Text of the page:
Australia's current account drops $7.6b to deficit of $4.9b

Media Release

Australia’s current account balance fell by $7.6 billion to a deficit of $4.9 billion in the March quarter 2024 (seasonally adjusted, current prices), according to figures released today by the Australian Bureau of Statistics (ABS). 

Grace Kim, ABS head of International Statistics, said: “The current account deficit reflects a smaller trade surplus, driven by a rise in the imports of goods, while the net primary income deficit increased.” 

The balance on goods and services fell $6.1 billion to $17.8 billion, and the net primary income deficit rose $1.5 billion to $22.3 billion. 

Australia’s terms of trade rose 0.2 per cent but was down 7.3 per cent through the year. The quarterly rise in the terms of trade reflects a steeper fall in import prices (-2.0 per cent) relative to the fall in export prices (-1.8 per cent). 

“The prices of goods exports fell, led by metal ores prices, after a rise in the December quarter. The price of exported goods was 10.3 per cent lower compared to this time last year,” Ms Kim said. 

Imports of goods rose 4.5 per cent driven by Consumptions goods, reflecting a broad increase in the global supply of goods like medicines, clothing and footwear. Australia also imported more fertilizers after weather events impacted domestic supply. 

Imports of services fell for the second consecutive quarter (-1.8 per cent), as Australians spent less travelling overseas and continued to visit closer overseas destinations.

Exports of goods fell 1.5 per cent, reflecting reduced domestic production of Coal and Iron ore. Exports of Other rural goods also contributed to the fall driven by cotton reflecting low harvest yields. 

Exports of services rose by 0.6 per cent, led by Travel services as more tourists travelled to Australia, coinciding with large music events including Taylor Swift and Pink concerts.  A smaller-than-average rise in students coming to Australia to study partly offset the rise from tourism. 

(a) seasonally adjusted estimates at current prices

The primary income deficit ($22.3 billion) widened for only the second time since June quarter 2022. A rise in primary income debits (outflows) drove this result, due to higher profits on foreign direct investment, mainly in liquid natural gas (LNG) and industrial real estate. Higher LNG prices contributed to larger first quarter profits.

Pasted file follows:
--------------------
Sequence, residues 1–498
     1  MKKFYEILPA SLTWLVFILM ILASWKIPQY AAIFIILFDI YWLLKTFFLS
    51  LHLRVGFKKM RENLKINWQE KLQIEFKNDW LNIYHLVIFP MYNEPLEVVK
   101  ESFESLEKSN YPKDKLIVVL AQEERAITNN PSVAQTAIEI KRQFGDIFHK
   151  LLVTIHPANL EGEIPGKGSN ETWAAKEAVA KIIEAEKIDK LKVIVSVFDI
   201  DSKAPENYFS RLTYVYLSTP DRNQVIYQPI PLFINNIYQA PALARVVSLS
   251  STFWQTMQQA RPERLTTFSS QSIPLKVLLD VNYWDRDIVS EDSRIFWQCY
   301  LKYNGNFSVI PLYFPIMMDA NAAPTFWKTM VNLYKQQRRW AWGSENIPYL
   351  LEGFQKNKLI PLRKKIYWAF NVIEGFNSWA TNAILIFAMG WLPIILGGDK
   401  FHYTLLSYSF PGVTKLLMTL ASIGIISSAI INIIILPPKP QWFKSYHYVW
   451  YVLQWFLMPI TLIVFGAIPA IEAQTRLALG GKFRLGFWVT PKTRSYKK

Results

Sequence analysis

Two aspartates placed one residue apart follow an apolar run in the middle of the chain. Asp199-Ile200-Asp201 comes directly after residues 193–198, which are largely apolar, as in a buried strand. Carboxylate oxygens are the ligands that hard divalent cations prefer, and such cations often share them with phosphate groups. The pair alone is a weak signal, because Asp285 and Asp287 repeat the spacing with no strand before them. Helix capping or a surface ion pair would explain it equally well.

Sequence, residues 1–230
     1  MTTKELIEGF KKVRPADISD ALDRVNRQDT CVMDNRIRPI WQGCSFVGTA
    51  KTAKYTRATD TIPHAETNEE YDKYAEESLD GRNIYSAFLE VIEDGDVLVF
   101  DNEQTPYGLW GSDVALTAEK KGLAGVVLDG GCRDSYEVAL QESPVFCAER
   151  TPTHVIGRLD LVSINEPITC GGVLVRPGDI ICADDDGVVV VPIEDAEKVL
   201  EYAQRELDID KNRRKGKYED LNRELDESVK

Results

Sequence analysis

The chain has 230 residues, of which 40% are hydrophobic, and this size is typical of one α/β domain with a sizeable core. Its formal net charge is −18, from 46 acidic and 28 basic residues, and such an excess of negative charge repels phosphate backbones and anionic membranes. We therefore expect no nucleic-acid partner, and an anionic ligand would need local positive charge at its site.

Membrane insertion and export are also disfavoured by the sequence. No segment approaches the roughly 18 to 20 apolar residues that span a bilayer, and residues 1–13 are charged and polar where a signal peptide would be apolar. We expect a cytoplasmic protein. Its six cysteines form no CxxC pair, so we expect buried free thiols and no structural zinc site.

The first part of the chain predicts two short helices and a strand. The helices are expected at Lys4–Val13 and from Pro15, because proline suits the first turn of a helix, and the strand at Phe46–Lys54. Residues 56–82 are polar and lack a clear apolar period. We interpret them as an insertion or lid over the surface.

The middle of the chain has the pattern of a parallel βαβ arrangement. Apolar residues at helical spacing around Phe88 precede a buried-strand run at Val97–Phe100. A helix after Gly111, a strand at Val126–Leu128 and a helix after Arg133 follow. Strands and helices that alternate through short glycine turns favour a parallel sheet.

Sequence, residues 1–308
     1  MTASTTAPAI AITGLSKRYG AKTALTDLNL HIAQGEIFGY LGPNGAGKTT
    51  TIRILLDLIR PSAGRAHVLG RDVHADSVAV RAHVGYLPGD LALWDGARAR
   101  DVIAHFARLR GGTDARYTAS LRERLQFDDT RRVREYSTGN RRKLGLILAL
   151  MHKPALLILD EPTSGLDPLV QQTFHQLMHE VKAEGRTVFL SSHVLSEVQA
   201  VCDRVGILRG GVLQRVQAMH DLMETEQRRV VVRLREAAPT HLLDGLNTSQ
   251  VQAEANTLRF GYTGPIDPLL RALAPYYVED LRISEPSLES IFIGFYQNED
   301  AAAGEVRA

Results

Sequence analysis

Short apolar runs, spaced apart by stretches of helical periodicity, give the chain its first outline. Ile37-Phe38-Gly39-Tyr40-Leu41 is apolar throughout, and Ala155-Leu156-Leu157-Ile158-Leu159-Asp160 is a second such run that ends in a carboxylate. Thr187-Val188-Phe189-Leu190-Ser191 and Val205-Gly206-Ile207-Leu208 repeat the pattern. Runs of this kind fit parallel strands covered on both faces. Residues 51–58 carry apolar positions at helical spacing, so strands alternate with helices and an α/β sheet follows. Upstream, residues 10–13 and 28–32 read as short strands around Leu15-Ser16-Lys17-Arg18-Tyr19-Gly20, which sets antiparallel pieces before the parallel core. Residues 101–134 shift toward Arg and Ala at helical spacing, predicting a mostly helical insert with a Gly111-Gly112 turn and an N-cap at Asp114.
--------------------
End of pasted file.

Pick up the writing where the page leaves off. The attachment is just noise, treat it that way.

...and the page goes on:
(a) seasonally adjusted estimates at current prices

The financial account had a surplus of $8.3 billion, driven by net inflows of equity (+$15.3 billion) and partly offset by net outflows of debt (-$7.0 billion). 

Australia's net international investment liability position of $730.3 billion narrowed to its lowest level since June quarter 2009, a drop of $103.9 billion. The rise in Australia's foreign assets grew faster than the rise in foreign liabilities. 

“The narrowing of Australia’s international investment liability position reflected a large rise in Australia’s foreign equity assets as Australian investors benefitted from rising values in international share markets,” Ms Kim added. 

Australia's net foreign equity asset position rose by $131.8 billion to $505.5 billion - its largest on record. 

Australia’s net foreign debt liability position grew by $27.9 billion to $1,235.7 billion reflecting the depreciation of the Australian dollar.

The $5.5 billion fall in net trade (seasonally adjusted, chain volume measure) is expected to detract 0.9 percentage points from the March quarter 2024 Gross Domestic Product (GDP) movement.

Media notes

  • For a definition of chain volume measures, please see the Glossary on the Methodology page of Balance of Payments and International Investment Position, Australia (cat. no. 5302.0).
  • March quarter 2024, Australian National Accounts: National Income, Expenditure and Product (cat. no. 5206.0) will be released on 5 June 2024.
  • The extra leap year day in 2024 is unlikely to impact seasonally adjusted statistics released by the Australian Bureau of Statistics (ABS) for the month of February 2024 and the March quarter 2024.  This is because the impact of an additional leap year day is analysed as part of the seasonal adjustment process, which includes the impact of trading days. The impact of the extra leap year day will be evident in the original (non-seasonally adjusted) series. For further information please refer to this note
  • When reporting ABS data you must attribute the Australian Bureau of Statistics (or the ABS) as the source.
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